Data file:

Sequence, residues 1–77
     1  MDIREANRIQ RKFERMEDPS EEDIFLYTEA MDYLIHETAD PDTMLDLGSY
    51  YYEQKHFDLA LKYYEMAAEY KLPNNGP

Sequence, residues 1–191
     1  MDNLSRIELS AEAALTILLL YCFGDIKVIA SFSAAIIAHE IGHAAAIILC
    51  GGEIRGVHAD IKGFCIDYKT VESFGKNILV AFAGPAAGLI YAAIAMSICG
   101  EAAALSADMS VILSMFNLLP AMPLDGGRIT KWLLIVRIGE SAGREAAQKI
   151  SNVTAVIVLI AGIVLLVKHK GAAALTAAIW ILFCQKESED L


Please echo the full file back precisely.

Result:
Sequence, residues 1–77
     1  MDIREANRIQ RKFERMEDPS EEDIFLYTEA MDYLIHETAD PDTMLDLGSY
    51  YYEQKHFDLA LKYYEMAAEY KLPNNGP

Sequence, residues 1–191
     1  MDNLSRIELS AEAALTILLL YCFGDIKVIA SFSAAIIAHE IGHAAAIILC
    51  GGEIRGVHAD IKGFCIDYKT VESFGKNILV AFAGPAAGLI YAAIAMSICG
   101  EAAALSADMS VILSMFNLLP AMPLDGGRIT KWLLIVRIGE SAGREAAQKI
   151  SNVTAVIVLI AGIVLLVKHK GAAALTAAIW ILFCQKESED L